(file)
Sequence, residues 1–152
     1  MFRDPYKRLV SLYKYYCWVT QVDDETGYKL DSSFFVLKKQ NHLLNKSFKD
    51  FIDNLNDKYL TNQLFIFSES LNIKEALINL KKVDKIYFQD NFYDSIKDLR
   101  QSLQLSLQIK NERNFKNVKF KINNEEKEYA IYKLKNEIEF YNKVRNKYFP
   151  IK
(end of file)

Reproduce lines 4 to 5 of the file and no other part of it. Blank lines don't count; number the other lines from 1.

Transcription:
   101  QSLQLSLQIK NERNFKNVKF KINNEEKEYA IYKLKNEIEF YNKVRNKYFP
   151  IK